Their single “Omnibrain” was the result of their first collaboration late last year, using the equipment Collette had in his home at the time. There was more at stake, however, than two friends simply playing music together. The duo eventually came to realize their shared desire to create something more. They had the material, but they needed some sort of foundation.
“That was the first song we started and the reaction went really well,” Riley continues. “We were both like, we should continue this, and soon it became a collection of songs.” The pair turned their focus toward creating a full-band sound, a decision which led them to the formation of Câlisse and, subsequently, to producer Jason Driver.
Câlisse formed in October 2014 when the duo enlisted Karen Moore, a longtime friend of Collette, to cover a series of songs by Neutral Milk Hotel. At the time, Moore played the part of backing vocalist. Eventually, when the group began to grow serious about recording, Collette approached schoolmate Rob Iggulden to be the band’s drummer. Despite his hectic schedule as a student nearing graduation and playing drums for local band Future Historians, Iggulden agreed.
“We got lucky. We all enjoyed working together,” Collette says.
With the band missing only a bassist, Kevin Hoffman came along at the right time. Having spent time in New Orleans, he was still fresh from moving back to Portland in early spring when he was approached by Collette. The two had known each prior to Hoffman’s trek to Louisiana and had kept in touch throughout his stay.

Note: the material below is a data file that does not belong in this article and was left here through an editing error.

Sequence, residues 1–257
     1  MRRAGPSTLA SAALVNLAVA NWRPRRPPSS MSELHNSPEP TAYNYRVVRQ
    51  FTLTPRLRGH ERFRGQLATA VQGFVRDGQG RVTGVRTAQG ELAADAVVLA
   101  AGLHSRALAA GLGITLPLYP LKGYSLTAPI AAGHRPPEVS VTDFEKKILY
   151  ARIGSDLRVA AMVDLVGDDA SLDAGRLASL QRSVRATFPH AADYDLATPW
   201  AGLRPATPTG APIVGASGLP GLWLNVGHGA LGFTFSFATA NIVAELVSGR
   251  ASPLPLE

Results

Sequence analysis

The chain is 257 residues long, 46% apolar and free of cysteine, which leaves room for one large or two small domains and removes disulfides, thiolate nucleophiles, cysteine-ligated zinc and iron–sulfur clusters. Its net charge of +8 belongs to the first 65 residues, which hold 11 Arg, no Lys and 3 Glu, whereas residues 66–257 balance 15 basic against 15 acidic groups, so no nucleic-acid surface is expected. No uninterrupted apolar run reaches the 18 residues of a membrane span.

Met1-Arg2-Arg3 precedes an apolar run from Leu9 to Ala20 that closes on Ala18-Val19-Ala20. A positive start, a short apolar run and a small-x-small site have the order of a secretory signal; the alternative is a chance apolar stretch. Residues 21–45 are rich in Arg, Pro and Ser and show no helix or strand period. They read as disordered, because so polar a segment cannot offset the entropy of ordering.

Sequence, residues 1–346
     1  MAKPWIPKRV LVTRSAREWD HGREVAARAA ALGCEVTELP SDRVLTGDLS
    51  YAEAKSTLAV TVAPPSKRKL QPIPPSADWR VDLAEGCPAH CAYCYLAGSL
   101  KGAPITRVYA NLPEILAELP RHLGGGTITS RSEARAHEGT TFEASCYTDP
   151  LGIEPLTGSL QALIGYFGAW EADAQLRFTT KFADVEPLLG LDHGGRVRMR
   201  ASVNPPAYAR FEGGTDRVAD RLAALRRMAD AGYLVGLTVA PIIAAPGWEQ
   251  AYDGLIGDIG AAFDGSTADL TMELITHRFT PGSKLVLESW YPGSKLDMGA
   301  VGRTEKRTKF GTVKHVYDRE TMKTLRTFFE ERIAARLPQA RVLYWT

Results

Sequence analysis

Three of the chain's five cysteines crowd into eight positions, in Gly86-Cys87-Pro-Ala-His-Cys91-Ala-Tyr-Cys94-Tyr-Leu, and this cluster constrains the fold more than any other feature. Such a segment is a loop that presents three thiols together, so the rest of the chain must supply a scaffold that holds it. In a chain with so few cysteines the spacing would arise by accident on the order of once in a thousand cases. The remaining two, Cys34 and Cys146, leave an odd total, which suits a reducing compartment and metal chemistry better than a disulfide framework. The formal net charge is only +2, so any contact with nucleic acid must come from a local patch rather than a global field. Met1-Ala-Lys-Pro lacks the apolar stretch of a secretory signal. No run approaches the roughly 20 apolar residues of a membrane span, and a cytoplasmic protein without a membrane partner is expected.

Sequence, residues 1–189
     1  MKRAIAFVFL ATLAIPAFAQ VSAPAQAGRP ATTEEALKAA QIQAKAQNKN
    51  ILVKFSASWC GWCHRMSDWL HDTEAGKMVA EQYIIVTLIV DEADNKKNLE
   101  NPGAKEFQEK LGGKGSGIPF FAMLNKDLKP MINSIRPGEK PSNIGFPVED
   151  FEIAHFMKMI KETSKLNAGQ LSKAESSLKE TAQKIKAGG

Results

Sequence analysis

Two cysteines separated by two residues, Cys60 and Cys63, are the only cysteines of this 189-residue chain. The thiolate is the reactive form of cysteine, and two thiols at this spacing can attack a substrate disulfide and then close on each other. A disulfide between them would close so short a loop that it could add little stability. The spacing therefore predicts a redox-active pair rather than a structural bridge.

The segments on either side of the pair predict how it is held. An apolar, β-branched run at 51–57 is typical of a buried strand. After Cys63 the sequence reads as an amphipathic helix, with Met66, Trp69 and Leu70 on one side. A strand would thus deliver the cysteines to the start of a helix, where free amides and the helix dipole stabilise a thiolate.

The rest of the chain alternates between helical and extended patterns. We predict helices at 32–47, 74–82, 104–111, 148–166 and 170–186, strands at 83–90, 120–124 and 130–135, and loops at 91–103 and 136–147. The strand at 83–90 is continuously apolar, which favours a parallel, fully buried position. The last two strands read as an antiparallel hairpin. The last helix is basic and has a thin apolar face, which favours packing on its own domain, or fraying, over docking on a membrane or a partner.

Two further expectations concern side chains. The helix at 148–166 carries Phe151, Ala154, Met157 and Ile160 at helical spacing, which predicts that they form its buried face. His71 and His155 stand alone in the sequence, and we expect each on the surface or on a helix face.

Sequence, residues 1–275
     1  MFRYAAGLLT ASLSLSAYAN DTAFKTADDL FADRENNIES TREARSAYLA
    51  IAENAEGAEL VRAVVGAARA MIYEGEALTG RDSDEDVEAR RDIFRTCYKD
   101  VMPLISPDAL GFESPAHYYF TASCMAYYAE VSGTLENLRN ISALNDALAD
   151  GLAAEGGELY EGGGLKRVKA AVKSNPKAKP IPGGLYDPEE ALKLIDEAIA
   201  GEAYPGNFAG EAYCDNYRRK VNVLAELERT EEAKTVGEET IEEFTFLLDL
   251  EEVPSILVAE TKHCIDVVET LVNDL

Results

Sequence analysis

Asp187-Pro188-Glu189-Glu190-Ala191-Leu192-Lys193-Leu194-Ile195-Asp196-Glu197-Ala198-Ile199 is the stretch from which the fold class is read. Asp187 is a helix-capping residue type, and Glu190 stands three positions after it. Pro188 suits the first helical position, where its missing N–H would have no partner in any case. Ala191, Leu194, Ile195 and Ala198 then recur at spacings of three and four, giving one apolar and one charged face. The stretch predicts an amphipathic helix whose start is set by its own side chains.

Together, the five-piece created a unique sound influenced by the elements of alternative rock intertwined with the emotional urgency in Collette's vocals. The next step was to find an affordable studio and jump-start the recording process.
“These guys called me to use the studio and booked it for two days. They came in and just rocked it, you know. I get a lot of bands that come in and aren’t prepared for the studio, so they get in here and start choking,” Driver pauses. “These guys came in and they had it together.”
Riley jumps in the conversation: “This was my first initial experience recording in a studio and it was the best. It was seriously awesome."
“We were a good fit,” Driver says.
“JD is artist-friendly and very supportive. We’re working really fairly with one another, which has given us [the band] a lot of opportunity to plant some seeds locally,” Collette says. “We have a lot of potential for making it work.”
“I want to be able to help a band like these guys and support them enough to get out there touring,” Driver adds. His own background involves a history of playing music as well. Although he initially began as an audio engineer, Driver switched professions early in his career and spent time working as a touring musician. Later, after he married and looked for ways to settle down, he returned to engineering. Regardless, his collection of gear naturally grew. This, combined with the small space he rents for his studio, has provided him with the opportunity to remain affordable and artist-friendly over the years.